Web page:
Tuesday 9 February

To meet Porthole Drift at the semi-submerged, Half-Drowned Water Rat, a quaint little place on a natural island of compacted skulls, just outside Manchester’s inner city limits. This is one location I avoid when on my canal-side run, lest I be tempted across this very gangplank for something capable of putting hairs upon the hoariest sailor’s chest. Incidentally, you may wish to know that Licky and myself are training for Liverpool’s half-marathon next month; Porthole certainly doesn’t. While I explain how runners are traditionally chased down streets thonged with scousers by a healthy mix of locals insisting they buy you a drink and locals insisting you buy them a drink, Porthole simply looks at me down his pipe, catatonically unable to register interest, even through his non-lazy eye.

‘The marrar in ‘and,’ he wheezes, producing a lethal-looking fountain pen while Muff, his dog, slobber-mouths an ancient cracked black ledger across the wonky table towards us.

‘Of course,’ I sup my nettle rum, grateful for my newt-skinned tongue protector, ‘your investigations, how – erm – go they?’

‘Ruled a few out,’ he sighs, screwing up his supremely weathered, turtle-shaped face into something approaching that of everyone’s favourite Jersey-based detective, ‘But tha’ dunt mean I canna rule ‘em back in igin, innit?’ he cackles, youth flooding back to his face, stopping just short of the tidemark round his craggy, saggy neck.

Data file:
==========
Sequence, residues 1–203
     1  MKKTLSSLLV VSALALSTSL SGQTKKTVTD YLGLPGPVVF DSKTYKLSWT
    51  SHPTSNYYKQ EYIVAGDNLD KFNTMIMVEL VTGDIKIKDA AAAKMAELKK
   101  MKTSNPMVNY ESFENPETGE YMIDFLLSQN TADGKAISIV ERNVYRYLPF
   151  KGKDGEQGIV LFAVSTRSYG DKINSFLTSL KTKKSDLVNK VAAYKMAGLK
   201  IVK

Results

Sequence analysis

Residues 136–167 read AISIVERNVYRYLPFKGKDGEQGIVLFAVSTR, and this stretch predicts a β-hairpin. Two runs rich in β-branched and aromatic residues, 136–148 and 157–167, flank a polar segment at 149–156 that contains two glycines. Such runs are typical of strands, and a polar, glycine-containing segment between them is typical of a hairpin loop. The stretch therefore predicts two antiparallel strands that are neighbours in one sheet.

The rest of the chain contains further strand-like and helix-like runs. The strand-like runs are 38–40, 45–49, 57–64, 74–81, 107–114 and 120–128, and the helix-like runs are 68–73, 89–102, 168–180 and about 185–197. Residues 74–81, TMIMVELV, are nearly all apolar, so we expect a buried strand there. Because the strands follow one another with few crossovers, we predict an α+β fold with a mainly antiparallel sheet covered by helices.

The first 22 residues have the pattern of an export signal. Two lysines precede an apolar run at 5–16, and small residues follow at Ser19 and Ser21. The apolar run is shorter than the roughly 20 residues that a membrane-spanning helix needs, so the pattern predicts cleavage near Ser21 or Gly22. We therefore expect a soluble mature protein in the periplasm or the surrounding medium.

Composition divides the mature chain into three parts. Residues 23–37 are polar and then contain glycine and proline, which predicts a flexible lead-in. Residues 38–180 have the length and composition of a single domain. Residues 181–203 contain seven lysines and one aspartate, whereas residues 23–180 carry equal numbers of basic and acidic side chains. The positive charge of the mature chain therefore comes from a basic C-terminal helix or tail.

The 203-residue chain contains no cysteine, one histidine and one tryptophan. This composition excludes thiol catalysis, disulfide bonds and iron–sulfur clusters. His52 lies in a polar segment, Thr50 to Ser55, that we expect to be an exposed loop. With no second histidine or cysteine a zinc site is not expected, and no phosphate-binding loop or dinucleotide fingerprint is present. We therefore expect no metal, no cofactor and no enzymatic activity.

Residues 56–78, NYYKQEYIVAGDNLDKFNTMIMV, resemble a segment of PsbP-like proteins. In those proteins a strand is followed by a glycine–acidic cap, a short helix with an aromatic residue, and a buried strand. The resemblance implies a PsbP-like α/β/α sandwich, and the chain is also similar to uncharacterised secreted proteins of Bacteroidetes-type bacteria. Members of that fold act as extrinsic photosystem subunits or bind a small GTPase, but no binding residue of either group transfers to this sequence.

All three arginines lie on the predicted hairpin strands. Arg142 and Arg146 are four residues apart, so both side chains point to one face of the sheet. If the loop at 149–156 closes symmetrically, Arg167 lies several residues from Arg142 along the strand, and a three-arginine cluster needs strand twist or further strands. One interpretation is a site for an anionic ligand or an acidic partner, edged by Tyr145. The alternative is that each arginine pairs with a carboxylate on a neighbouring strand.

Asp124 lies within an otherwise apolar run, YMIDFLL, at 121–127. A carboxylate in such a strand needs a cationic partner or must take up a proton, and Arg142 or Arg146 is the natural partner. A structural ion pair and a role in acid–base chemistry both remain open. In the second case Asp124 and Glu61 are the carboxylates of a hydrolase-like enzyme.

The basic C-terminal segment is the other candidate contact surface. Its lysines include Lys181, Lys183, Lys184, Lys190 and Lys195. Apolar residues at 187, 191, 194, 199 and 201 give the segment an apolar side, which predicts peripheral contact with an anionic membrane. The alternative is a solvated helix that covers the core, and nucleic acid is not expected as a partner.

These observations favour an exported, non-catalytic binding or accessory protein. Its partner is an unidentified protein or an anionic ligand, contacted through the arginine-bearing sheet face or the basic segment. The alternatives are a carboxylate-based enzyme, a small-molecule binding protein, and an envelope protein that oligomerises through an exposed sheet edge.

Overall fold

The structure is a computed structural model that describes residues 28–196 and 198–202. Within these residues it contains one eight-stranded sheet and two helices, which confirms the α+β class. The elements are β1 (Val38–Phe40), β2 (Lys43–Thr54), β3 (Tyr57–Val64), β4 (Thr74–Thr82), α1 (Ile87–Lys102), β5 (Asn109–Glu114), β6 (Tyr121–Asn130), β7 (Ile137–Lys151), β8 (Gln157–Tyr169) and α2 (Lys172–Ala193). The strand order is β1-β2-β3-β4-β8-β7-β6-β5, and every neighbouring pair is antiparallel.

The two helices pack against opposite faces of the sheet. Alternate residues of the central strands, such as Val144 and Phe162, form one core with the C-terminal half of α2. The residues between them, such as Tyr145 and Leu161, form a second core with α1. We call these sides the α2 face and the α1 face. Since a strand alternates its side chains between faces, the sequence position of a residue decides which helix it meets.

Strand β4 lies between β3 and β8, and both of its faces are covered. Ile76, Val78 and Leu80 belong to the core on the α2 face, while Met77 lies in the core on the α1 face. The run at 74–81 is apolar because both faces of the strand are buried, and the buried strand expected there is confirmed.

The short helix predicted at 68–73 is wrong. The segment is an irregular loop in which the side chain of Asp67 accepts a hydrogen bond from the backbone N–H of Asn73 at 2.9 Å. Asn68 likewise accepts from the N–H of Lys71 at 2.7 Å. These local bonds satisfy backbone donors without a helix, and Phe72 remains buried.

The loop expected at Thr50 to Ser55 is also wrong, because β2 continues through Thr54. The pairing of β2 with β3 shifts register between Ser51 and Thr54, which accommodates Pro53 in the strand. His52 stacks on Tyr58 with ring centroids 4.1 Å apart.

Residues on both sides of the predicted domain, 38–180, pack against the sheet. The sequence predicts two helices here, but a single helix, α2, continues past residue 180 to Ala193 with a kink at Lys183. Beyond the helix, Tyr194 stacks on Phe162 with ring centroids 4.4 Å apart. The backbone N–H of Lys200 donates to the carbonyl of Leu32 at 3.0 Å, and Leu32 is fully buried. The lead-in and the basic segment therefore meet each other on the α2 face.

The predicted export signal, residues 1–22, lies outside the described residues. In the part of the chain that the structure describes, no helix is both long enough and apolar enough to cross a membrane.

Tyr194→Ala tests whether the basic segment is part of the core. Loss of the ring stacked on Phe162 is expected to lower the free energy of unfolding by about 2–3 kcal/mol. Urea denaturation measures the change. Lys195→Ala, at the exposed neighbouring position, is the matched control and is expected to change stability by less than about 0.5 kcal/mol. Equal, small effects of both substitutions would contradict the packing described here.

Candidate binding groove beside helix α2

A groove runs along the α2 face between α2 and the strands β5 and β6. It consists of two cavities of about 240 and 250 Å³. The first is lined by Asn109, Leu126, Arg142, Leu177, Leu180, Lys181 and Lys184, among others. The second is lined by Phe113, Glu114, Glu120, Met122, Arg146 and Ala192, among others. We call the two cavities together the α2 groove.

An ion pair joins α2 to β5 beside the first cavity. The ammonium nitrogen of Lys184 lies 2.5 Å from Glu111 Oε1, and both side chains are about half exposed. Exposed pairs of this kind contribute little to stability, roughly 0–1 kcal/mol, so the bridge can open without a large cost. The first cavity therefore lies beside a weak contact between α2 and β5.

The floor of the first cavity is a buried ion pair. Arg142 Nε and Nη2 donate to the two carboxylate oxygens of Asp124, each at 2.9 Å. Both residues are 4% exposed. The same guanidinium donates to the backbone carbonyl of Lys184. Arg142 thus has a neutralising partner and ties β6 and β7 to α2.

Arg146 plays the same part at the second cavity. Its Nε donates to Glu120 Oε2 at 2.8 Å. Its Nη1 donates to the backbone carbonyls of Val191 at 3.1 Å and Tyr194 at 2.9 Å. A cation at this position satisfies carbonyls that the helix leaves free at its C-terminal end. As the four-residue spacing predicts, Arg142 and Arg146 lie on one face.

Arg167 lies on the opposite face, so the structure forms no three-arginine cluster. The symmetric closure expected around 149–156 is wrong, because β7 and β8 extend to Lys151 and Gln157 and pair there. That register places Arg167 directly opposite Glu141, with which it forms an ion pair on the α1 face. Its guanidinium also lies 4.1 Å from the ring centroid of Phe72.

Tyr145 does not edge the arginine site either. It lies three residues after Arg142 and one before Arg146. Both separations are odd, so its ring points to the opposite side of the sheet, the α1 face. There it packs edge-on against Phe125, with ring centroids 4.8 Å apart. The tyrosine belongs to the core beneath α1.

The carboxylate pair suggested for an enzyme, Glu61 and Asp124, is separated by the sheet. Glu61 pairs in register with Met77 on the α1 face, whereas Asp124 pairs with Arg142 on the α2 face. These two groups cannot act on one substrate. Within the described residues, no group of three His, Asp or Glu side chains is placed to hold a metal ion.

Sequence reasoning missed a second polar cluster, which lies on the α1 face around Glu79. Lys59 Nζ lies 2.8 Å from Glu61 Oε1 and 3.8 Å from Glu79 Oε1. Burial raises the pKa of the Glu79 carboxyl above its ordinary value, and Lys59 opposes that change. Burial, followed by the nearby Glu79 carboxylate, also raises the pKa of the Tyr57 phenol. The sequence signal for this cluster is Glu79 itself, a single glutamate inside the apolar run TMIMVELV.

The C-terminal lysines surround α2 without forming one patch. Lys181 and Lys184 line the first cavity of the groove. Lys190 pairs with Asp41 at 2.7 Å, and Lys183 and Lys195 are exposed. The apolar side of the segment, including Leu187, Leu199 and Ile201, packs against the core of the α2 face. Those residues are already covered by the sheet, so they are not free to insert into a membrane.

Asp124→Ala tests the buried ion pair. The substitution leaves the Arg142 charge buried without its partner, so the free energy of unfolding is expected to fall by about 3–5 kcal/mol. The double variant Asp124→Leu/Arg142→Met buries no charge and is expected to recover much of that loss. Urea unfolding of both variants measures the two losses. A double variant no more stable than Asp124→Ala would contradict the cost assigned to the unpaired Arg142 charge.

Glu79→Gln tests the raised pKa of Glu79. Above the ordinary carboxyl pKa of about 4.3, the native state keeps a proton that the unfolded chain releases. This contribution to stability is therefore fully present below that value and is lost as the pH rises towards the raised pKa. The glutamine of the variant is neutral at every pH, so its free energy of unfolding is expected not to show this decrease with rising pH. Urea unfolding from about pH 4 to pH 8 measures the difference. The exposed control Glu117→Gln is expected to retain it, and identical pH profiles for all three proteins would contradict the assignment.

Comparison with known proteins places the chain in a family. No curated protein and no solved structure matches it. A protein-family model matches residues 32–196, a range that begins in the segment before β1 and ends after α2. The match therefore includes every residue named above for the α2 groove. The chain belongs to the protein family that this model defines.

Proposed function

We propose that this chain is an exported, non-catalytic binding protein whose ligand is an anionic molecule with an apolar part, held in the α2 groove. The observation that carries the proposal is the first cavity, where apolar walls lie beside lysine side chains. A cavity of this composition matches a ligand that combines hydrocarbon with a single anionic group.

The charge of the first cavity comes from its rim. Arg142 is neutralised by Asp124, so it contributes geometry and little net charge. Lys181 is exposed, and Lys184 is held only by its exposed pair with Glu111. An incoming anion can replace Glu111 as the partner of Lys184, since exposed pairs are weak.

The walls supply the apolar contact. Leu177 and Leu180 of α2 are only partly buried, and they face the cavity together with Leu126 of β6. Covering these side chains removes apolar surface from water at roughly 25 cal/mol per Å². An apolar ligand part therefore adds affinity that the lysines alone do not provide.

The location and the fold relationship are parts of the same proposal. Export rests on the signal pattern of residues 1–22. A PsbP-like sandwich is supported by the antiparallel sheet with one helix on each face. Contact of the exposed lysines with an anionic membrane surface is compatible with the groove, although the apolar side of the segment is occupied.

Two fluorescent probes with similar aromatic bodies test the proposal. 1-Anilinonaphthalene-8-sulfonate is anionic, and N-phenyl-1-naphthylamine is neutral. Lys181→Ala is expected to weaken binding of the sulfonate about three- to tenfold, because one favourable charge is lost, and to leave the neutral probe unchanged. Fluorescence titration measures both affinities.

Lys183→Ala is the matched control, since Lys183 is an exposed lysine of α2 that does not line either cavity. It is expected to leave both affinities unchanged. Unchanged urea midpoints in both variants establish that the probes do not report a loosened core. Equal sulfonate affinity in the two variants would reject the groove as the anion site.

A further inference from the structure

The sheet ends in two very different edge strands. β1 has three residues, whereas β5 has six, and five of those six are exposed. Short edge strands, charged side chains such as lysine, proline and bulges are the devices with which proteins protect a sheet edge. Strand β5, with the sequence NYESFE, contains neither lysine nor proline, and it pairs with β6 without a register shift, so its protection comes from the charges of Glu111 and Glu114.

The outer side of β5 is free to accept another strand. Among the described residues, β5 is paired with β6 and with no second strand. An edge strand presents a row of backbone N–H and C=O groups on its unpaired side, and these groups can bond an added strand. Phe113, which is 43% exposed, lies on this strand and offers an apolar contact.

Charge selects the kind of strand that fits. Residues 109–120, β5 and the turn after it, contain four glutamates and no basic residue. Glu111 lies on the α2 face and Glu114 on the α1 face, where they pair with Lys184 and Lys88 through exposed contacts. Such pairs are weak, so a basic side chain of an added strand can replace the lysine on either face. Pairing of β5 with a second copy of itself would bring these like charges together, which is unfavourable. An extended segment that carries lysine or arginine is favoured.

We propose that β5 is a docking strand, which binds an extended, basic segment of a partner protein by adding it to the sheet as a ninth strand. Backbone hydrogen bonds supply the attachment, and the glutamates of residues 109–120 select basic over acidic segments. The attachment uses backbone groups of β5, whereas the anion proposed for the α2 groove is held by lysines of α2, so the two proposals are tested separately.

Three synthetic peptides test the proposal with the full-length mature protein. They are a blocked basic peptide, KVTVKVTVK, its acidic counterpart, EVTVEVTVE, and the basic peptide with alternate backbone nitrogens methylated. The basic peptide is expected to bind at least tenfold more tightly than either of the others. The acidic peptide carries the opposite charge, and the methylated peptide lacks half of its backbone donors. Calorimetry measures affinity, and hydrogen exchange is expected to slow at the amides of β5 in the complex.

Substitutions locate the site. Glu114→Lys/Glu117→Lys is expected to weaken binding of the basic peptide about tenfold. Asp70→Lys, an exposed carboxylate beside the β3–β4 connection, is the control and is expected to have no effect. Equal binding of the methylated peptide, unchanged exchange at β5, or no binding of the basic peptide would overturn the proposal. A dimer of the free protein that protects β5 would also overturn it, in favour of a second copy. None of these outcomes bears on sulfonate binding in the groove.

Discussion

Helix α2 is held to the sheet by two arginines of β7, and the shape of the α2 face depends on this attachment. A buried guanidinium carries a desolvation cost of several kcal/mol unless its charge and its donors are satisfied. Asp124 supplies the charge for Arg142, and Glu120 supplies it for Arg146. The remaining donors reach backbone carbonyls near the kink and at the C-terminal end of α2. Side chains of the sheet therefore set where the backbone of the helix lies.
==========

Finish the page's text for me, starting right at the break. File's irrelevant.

Drift goes on to explain, accompanied by both expansive gestures and intricately explained and annotated expenses claims, how he first suspected that the coal barge had been stolen by one of the criminal underworld, perhaps as a valentine’s gift for Betsy Belpas of Blackburn – a notorious coke fiend. His one clue so far – a sketch from a canal-side speed monitor revealing two men struggling on the towpath next to an unattended vessel – suggested that competing overlords may have fought over their prize, perhaps allowing the tug to schlep on unattended. However a trip to Blackburn (an incredible £1 4s 6d) allowed Porthole to slam shut this particular avenue. Following a recent binge it was confirmed that Betsy’s nose had dropped clean off and its wooden replacement – though beautifully polished – was doing nothing for the local boys. Back to square one (by bus – an infinitely more satisfying £0 0s 3d).

‘Could there be a political aspect to all this?’ I ask the famed investigator, trying to ignore an alligator-faced man sipping tequila opposite.

‘Poritikal eh?’

‘Yes – though I pronounce it: political. But that’s fine. Cool, in fact.’

Though I’m anything but; Drift considers this.

‘Strangest thing,’ he says, finally, ‘found a little book next to the body of the navigator – Marx it were writ by. Yet it weren’t funny at all. Maybe cos they can’t writ down what the dumb bloke does in them Puppet Shows, like.’

‘Not Karl Marx, by any chance?’ I venture.

‘Knows him do you?’

‘No,’ I answer, humbly, ‘though poritikal he certainly – erm – be. Bumped into his friend Engels some years back. Told me the working class was deprived of all pleasure except sexual indulgence and intoxicating liquors.’

‘Talking of which,’ and Porthole shuffles to his feet, ‘I best be off to see Mrs Porthole, if you catch my drift?’

‘Of course,’ and I hand him a small sack of money lent to me by warehouse management in lieu of my Voluntary Early Death, ‘but do keep me updated.’

‘I will that,’ he promises, with as much significance as he can be bothered to summon, ‘I will that.’

I watch him go. Finish my drink as slowly the luminosity of his genius fades from a place unworthy of his awe-inspiring company.


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